Production, Consumption, and Prosperity
David Boaz at the Cato Institute uncritically endorses an extremely foolish Steven Horwitz take on consumption versus production in recession-fighting:
One of the most pernicious and widespread economic fallacies is the belief that consumption is the key to a healthy economy. We hear this idea all the time in the popular press and casual conversation, particularly during economic downturns. People say things like, “Well, if folks would just start buying things again, the economy would pick up” or “If we could only get more money in the hands of consumers, we’d get out of this recession.” This belief in the power of consumption is also what has guided much of economic policy in the last couple of years, with its endless stream of stimulus packages.
This belief is an inheritance of misguided Keynesian thinking. Production, not consumption, is the source of wealth. If we want a healthy economy, we need to create the conditions under which producers can get on with the process of creating wealth for others to consume, and under which households and firms can engage in thesaving necessary to finance that production.
I think people find this sort of logic compelling because it has the combination of sounding virtuous and tough-minded, but also aligns you politically with the interests of rich people and powerful business executives. It’s a hard to beat combination.
But ask yourself, why does the focus on consumption become prominent during economic downturns? Well it’s because in a modern economy downturns often occur absent any kind of negative shock to our productive capacity. It’s possible for such shocks to occur. The US military reduced most of Japan’s cities to rubble in 1944-45 precisely in order to cripple Japan’s ability to produce things. Increasing Japanese prosperity over the next ten years was about re-creating that capacity. But the year 2008 wasn’t in the distant past, we can remember what happened and didn’t happen. No American cities were destroyed by nuclear weapons. No draught crippled our agriculture. People didn’t suddenly forget job skills they’d had. What happened was a large negative shock to demand not an earthquake or a flood or a plague. I was there and so were you.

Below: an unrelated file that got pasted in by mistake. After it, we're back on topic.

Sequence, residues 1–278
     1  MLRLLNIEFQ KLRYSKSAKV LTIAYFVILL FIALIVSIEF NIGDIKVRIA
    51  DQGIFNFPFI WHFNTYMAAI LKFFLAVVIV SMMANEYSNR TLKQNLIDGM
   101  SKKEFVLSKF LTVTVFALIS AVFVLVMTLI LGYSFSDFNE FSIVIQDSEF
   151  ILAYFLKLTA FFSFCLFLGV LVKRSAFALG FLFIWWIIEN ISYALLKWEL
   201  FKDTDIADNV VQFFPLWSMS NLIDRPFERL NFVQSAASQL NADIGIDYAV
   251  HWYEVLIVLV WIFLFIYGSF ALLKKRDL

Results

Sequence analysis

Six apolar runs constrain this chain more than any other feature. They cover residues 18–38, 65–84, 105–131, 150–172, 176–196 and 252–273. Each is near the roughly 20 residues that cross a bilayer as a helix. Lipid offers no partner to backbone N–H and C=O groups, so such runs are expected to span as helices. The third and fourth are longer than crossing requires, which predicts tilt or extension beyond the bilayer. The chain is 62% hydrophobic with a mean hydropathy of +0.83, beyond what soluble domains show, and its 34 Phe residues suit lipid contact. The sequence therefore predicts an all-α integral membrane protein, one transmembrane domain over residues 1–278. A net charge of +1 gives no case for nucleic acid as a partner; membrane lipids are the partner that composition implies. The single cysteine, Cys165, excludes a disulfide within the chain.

People talk about demand during downturns because in a downturn you have an unusually large number of unemployed people. That’s people producing nothing who the year before were producing something. If there were more demand, they’d produce something.
Now if you look around the world, you can find lots of examples of countries with lower unemployment rates than the United States that are nonetheless poorer than the United States. How does that happen? That happens because when you’re not in a downturn, the only way for a country to improve its living standards is to actually get better at producing stuff. When almost everyone who wants a job has one, the only way to get richer is for people to start being more productive. Productive capacity matters—a lot. But when lots of people who want jobs aren’t doing hobs, you’ve got a different problem. A failure to mobilize the productive people you already have. In the scheme of things, that’s a good problem to have since it’s much easier to solve. But it’s also a much more frustrating problem to solve precisely because there’s no good reason it should be lingering like this.